Friday, February 01, 2008

End of Days?

Mongabay alerts us that the current issue of GSA Today, a journal published by the Geological Society of America, features a peer-reviewed article by scientists arguing that the 11,550-year-old Holocene epoch, witness to the glorious entirety of human civilization, ended at around the beginning of the Industrial Revolution. At that point, the human impact on the planet starts to become so great as to effectuate what geologists like to call 'stratigraphically significant change.' That means: change you can notice, if, say, you were looking back in history from a million (or hundred million) years from now.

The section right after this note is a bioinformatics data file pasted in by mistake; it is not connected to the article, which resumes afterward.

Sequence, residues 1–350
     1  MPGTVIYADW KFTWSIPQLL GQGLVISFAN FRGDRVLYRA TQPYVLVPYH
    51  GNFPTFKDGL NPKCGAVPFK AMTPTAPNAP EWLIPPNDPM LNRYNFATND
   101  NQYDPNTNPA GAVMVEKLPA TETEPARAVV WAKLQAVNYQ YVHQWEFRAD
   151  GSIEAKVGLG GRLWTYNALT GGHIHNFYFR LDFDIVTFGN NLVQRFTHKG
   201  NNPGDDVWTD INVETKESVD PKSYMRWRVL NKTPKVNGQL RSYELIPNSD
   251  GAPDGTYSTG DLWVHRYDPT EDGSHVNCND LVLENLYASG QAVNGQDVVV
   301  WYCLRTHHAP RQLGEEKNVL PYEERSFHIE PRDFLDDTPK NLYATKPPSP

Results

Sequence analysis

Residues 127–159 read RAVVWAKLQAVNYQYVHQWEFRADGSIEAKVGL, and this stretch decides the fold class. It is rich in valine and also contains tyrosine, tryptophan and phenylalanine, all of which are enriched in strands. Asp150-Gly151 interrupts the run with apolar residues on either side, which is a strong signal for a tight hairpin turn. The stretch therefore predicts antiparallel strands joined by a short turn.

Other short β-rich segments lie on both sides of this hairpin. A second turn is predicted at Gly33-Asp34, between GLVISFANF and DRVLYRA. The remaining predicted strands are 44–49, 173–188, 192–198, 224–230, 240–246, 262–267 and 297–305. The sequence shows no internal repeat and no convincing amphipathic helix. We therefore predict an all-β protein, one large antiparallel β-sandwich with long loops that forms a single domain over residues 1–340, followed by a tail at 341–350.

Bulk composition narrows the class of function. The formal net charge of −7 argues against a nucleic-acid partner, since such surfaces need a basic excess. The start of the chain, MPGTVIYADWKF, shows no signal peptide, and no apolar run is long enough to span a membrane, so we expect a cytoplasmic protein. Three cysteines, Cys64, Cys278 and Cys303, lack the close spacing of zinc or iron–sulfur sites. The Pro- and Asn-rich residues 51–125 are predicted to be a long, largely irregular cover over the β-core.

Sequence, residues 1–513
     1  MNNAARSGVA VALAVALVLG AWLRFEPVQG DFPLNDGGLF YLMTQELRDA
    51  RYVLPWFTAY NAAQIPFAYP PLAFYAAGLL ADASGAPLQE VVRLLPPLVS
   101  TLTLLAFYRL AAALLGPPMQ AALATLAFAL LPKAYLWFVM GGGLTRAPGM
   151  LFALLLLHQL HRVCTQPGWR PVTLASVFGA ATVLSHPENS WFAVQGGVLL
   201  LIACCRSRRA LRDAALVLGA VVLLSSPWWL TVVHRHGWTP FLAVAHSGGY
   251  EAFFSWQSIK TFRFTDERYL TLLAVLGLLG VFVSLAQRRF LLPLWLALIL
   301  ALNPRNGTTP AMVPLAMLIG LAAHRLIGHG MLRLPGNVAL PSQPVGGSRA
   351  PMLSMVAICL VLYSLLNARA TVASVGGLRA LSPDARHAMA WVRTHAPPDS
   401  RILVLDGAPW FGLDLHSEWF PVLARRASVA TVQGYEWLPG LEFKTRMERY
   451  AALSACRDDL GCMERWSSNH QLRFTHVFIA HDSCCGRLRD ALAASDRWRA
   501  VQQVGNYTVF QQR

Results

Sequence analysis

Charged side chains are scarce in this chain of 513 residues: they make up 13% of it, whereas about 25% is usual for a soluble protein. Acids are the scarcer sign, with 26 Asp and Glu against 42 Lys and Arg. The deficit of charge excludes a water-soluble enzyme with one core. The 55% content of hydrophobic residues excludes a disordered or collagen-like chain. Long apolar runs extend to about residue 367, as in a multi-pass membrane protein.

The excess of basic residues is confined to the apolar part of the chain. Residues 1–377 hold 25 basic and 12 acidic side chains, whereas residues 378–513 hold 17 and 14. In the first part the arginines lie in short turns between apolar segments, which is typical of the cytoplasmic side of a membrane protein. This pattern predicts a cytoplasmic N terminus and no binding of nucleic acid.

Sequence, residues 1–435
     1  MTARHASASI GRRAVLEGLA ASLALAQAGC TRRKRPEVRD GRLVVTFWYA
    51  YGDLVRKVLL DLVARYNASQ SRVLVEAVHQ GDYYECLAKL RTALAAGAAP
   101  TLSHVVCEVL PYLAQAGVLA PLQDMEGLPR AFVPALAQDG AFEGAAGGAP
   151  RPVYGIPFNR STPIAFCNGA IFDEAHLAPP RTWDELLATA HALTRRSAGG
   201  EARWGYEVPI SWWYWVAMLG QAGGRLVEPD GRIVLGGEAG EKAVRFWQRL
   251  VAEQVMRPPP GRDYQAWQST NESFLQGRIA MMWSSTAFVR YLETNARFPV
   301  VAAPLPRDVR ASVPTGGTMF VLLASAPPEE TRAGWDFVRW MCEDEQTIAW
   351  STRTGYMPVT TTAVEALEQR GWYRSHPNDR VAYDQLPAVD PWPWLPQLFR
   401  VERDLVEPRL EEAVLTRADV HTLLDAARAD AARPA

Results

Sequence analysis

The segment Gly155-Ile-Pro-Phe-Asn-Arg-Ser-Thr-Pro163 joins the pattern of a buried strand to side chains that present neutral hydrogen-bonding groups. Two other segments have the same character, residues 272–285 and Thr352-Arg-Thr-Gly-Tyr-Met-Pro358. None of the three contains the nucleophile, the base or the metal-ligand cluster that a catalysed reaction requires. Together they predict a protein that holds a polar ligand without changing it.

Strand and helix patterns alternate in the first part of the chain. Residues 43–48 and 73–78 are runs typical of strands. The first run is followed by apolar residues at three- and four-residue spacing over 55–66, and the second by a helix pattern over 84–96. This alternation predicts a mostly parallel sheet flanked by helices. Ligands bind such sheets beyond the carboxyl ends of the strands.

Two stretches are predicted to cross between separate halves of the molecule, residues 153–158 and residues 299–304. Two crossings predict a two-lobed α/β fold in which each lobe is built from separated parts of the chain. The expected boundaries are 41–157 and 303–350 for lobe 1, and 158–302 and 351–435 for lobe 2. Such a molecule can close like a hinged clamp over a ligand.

Ladies and gentlemen, I give you: the Anthropocene.

From "Are we now living in the Anthropocene?":

A case can be made for its consideration as a formal epoch in that, since the start of the Industrial Revolution, Earth has endured changes sufficient to leave a global stratigraphic signature distinct from that of the Holocene or of previous Pleistocene interglacial phases, encompassing novel biotic, sedimentary, and geochemical change. These changes, although likely only in their initial phases, are sufficiently distinct and robustly established for suggestions of a Holocene-Anthropocene boundary in the recent historical past to be geologically reasonable.

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